• We launched Start to Save in February 2020 to help play our part in getting the nation saving and to support the Money and Pensions Service’s financial wellbeing strategy.
  • 124,400 members who had less than £100 with NBS, now have more than that as a result of saving into the account as at 29 March 2021.
  • Despite the pandemic and the financial difficulties this has created for people, younger age groups have continued to try and save where they can.

ISA Season 2020

‘ISA Season’ is a key time for the savings market, with members presented with a suite of options for tax-free savings.

To promote the benefits of this saving option, and to demonstrate that our members’ money goes back to them via products and services, we launched a prize draw with prizes of up to £20,000 (10 prizes of £20,000, 10 prizes of £10,000 and 40 prizes of £5,000):

  • We saw 22% more members grow their ISA balance compared to the previous ISA season (for members that transacted between 6th March – 30th April 2020).
  • About 60% more younger adults paid into their ISA compared to the previous year, and roughly 20% more young families paid into their ISA (for members that transacted between 6th March – 30th April 2020).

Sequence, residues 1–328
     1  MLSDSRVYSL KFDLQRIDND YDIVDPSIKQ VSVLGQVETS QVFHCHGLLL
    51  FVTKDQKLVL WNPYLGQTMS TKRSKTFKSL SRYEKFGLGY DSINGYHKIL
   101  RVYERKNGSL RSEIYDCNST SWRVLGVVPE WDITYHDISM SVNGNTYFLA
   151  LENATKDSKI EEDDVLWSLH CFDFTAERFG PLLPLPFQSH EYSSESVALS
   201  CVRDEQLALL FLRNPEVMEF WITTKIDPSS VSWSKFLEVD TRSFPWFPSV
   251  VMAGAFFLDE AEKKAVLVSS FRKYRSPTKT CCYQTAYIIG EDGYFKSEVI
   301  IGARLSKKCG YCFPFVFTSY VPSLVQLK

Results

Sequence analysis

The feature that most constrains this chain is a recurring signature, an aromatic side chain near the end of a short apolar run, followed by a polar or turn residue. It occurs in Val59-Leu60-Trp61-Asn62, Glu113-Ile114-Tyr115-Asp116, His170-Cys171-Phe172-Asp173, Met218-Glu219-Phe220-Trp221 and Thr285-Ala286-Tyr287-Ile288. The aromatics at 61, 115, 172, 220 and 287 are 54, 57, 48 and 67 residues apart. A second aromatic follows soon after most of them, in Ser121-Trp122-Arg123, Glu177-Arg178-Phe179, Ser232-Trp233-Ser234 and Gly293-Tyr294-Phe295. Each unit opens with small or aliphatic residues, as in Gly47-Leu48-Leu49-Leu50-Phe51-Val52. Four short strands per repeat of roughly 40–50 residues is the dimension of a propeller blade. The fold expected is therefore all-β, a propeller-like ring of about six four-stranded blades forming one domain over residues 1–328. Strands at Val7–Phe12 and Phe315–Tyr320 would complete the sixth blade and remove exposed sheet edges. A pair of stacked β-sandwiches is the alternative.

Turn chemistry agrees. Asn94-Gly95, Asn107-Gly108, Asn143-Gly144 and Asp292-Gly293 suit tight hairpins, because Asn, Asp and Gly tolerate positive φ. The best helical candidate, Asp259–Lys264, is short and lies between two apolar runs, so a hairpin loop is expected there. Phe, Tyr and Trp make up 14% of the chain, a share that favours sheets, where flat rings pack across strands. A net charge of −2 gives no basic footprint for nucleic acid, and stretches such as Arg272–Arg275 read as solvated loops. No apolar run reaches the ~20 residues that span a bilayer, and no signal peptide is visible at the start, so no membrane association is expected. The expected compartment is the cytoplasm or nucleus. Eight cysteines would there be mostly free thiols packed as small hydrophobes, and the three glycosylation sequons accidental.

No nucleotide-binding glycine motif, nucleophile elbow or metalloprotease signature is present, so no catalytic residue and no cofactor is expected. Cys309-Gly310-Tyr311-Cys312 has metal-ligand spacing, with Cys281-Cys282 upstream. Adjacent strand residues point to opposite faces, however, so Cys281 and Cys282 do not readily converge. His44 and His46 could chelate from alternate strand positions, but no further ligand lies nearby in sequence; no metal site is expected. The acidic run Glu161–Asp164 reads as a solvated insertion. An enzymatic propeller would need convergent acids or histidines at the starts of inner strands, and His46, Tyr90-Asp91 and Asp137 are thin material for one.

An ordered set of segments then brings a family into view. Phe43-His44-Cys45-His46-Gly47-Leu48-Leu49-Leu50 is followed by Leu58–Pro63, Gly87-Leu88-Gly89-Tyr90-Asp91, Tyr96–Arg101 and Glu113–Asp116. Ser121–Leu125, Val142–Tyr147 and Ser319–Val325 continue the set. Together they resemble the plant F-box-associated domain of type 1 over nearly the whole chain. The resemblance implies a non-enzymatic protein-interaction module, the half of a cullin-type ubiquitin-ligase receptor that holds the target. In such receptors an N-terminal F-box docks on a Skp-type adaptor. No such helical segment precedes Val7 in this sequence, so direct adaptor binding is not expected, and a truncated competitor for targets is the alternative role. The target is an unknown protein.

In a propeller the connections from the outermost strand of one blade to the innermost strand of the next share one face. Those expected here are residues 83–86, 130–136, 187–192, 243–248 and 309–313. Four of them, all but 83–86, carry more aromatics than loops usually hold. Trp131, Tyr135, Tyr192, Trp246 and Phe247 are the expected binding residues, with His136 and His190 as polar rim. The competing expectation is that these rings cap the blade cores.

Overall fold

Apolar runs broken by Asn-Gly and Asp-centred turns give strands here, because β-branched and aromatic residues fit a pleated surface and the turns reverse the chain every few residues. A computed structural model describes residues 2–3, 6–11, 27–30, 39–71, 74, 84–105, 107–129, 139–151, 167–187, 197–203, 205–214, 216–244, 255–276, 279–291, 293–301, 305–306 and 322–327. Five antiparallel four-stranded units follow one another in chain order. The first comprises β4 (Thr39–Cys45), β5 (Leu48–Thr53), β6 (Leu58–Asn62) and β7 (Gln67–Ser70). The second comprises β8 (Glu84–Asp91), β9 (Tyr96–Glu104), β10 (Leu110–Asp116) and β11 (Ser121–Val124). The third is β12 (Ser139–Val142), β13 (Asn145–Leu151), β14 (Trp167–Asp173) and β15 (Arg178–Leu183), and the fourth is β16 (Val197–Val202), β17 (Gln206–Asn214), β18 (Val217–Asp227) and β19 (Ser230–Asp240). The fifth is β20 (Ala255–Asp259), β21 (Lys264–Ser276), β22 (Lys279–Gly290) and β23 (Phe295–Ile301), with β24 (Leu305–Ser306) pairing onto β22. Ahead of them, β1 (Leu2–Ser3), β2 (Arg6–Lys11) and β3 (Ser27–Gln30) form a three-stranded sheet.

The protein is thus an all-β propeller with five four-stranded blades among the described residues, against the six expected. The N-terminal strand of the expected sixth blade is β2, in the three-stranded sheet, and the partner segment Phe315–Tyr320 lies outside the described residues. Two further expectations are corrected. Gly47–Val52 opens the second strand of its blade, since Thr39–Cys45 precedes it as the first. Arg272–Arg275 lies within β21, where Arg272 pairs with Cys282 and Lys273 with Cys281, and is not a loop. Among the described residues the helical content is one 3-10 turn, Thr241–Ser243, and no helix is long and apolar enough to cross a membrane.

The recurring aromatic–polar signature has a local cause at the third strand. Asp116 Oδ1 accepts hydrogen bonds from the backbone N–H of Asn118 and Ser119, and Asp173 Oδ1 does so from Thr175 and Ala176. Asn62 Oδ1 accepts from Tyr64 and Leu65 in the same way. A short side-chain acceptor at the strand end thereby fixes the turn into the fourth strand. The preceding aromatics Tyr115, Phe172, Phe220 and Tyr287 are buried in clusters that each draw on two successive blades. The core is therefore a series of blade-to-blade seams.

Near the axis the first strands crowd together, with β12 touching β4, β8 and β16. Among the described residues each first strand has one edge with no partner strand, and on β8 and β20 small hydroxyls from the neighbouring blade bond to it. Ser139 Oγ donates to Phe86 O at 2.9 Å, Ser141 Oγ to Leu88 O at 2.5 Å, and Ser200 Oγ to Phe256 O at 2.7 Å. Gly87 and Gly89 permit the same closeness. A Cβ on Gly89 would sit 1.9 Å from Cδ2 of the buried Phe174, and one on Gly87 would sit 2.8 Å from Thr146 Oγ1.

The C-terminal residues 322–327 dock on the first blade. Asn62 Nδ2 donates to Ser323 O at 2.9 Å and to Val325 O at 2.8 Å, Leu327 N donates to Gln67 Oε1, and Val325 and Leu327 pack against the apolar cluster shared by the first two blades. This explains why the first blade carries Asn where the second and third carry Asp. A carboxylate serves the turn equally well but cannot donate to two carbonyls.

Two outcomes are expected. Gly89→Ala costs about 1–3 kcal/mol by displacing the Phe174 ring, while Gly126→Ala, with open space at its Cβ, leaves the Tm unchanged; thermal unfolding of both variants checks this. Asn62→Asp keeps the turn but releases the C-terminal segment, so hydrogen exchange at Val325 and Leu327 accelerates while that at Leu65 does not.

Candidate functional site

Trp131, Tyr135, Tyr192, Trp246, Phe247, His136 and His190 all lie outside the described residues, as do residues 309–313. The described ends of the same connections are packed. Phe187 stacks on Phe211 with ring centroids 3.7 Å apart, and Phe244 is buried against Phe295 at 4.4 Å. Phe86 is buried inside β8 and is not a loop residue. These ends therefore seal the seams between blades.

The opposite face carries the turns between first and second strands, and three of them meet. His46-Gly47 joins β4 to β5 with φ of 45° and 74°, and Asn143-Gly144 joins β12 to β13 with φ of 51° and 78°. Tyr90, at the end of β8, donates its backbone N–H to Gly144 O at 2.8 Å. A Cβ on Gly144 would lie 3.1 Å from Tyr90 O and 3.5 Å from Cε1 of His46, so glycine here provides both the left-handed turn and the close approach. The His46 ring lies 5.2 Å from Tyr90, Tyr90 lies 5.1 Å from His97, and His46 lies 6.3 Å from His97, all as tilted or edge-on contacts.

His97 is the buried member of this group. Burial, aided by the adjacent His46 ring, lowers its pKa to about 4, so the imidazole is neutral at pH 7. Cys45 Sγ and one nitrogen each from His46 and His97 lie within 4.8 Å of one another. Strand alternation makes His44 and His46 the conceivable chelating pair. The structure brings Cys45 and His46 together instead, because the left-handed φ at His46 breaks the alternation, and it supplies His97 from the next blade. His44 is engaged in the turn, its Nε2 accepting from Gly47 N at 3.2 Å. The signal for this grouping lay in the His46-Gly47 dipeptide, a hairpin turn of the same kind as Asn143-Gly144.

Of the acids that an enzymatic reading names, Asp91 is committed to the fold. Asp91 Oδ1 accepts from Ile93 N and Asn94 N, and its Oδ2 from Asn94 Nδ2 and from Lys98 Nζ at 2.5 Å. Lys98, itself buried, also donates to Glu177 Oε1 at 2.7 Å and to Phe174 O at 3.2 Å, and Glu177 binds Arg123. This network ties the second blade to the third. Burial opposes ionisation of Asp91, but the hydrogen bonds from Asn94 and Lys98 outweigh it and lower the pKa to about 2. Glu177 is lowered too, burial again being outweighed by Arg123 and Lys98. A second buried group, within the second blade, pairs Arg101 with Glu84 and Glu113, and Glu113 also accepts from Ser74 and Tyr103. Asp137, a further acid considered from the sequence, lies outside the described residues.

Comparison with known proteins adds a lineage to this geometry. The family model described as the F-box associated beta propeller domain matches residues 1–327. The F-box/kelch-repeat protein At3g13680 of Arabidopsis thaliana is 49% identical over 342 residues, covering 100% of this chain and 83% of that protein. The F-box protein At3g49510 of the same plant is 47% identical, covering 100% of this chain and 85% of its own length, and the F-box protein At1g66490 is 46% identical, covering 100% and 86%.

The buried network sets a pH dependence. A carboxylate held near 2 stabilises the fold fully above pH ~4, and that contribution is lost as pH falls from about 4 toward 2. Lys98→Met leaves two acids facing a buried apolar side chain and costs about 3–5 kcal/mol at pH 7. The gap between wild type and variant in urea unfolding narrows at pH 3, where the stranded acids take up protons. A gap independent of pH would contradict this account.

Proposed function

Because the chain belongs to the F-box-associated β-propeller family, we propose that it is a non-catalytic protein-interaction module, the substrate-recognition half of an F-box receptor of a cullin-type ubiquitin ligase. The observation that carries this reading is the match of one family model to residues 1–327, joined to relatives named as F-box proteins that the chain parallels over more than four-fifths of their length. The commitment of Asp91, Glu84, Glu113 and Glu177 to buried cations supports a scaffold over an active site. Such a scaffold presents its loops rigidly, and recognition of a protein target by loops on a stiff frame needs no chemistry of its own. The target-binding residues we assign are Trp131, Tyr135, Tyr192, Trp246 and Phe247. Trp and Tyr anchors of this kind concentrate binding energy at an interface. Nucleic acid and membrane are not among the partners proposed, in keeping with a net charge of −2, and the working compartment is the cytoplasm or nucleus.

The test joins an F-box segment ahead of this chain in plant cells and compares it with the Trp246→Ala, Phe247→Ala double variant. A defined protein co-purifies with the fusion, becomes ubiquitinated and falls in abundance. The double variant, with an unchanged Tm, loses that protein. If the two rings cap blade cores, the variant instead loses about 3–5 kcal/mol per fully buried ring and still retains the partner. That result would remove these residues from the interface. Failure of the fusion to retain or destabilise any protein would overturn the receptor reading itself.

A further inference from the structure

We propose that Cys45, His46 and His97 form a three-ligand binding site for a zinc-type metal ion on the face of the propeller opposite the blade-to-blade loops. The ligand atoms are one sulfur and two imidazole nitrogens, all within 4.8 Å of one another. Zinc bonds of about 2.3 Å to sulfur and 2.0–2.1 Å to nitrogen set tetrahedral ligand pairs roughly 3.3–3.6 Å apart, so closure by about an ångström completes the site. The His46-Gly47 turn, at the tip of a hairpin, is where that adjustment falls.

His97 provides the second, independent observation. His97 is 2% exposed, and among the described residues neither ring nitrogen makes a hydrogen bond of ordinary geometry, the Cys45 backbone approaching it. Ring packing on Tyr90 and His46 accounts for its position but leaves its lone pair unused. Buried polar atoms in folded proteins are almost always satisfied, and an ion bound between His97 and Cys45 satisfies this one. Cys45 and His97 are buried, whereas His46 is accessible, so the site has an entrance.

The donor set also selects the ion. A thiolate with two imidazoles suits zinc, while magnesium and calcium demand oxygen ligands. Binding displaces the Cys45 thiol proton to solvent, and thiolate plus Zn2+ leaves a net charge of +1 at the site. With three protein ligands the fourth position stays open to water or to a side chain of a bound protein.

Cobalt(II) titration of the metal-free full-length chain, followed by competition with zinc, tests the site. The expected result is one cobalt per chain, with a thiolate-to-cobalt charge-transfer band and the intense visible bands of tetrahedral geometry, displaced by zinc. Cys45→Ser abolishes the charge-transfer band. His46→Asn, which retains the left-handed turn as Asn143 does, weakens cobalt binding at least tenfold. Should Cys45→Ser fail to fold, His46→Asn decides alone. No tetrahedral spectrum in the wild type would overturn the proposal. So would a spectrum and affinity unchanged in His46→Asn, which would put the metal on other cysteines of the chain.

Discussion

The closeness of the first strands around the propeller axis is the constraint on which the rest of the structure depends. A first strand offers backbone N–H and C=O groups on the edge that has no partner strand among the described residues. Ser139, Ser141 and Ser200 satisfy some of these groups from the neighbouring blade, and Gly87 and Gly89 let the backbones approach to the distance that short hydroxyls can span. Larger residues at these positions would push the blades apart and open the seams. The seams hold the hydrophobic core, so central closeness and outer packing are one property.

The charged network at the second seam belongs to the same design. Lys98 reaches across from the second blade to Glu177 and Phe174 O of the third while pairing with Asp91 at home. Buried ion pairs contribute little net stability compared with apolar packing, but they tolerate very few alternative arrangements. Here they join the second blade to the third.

Mutual Reward Bond

This competitive fixed rate bond launched in September 2020 and was exclusively available to existing members. As well as the competitive rate, it also offered members the chance of winning £10,000 in the prize draw. £3.36m of prize draw winnings has been paid out, with 336 lucky members winning £10,000 each after saving into the bond. As a mutual we are always looking at ways to reward our savers and encourage everyone to keep saving. Our prize draws are proving very popular at encouraging both new and established savers to put money away.

The Mutual Reward Bond launched at the end of September 2020 and attracted more than 84,000 members by the end of 2020.

Impulse saver and Round Ups